For the first half of the twentieth century Penn strived athletically. With no recruiting or scholastic regulations, Penn excelled in the Ivy League and nationally. From 1920 to 1930 Penn basketball teams won twenty games six times, finished first in the Ivy League four times, finished no worse than third only twice and even won a National Championship in 1920.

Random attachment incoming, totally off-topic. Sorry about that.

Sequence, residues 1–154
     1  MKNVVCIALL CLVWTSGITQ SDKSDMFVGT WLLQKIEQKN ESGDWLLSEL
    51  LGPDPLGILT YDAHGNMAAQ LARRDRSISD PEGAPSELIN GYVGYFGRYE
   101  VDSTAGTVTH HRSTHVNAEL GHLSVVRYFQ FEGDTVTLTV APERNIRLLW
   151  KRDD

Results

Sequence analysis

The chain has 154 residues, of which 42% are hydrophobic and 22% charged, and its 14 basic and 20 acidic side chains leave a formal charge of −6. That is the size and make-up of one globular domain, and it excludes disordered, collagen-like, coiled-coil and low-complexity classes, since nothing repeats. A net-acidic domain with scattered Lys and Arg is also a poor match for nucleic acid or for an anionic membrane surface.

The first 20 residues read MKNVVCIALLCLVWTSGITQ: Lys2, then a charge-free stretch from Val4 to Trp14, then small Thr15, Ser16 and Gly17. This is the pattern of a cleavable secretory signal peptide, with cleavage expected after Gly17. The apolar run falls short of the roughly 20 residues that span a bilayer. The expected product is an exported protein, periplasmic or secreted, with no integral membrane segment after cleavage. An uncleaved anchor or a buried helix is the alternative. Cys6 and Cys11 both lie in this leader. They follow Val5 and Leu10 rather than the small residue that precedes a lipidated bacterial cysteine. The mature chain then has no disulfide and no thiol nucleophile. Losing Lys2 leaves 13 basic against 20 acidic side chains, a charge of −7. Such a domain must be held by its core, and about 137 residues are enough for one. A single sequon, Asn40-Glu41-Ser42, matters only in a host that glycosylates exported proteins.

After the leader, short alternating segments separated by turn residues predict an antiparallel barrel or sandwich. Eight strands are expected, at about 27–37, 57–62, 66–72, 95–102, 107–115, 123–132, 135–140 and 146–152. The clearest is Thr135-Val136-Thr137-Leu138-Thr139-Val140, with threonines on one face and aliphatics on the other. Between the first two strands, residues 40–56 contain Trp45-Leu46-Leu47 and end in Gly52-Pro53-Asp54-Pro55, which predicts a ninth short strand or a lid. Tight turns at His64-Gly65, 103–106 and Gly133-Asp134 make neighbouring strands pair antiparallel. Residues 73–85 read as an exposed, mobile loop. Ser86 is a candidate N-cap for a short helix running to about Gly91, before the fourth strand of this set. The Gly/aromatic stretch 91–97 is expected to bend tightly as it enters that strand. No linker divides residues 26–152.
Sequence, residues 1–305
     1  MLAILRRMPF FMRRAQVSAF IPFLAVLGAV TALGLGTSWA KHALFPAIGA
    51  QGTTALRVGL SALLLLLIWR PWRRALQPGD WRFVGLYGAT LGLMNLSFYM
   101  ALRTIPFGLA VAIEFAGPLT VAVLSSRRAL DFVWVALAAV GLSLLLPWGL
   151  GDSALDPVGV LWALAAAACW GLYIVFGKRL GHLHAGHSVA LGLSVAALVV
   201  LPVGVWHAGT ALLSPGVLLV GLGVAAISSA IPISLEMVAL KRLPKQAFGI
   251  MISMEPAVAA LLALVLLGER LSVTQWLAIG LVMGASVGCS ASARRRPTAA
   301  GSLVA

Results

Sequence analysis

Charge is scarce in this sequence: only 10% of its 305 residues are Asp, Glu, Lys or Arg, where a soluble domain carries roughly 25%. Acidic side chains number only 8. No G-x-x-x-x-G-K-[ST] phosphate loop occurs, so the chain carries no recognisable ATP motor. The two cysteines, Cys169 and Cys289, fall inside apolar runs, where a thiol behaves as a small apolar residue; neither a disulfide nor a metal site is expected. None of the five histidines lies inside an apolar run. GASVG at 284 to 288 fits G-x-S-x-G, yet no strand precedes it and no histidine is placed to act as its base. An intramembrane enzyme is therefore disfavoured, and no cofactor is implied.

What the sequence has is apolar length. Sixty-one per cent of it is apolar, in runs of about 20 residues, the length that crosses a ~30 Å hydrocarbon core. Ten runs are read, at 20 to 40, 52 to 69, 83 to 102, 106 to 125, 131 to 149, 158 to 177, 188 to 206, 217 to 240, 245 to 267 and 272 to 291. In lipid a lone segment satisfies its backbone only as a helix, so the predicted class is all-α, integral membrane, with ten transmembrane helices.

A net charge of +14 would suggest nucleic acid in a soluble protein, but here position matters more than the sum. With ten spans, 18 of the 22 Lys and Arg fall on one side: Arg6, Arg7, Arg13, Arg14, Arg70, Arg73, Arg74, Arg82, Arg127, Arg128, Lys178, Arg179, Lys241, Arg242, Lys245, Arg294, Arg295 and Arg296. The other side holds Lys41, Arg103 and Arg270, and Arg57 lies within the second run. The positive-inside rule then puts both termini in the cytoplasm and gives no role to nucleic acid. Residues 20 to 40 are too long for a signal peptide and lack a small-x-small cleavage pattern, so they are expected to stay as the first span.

In 1945, fearing lowering academic standards in the Ivy League, the eight member schools came to a consensus regarding athletics and released the “Ivy Group Agreement.” Essentially, the agreement proposed strict academic eligibility rules and prevented athletic scholarships of any kind so that “…intercollegiate competition…be brought into harmony with the essential educational purposes of the institution.” As a result of the Ivy Agreement, Penn could no longer compete with national powers that had the ability to recruit and ignore academic responsibilities. Though the Ivy Agreement would eventually help transform Penn into an elite academic institution, athletics at Penn noticeably declined. In the fifteen years after the Ivy Agreement, from 1945 – 60, Penn won twenty games only twice, lost over ten games five times and, worst of all, finished first in the Ivy League only once. It seemed that the Penn basketball program might never be the same.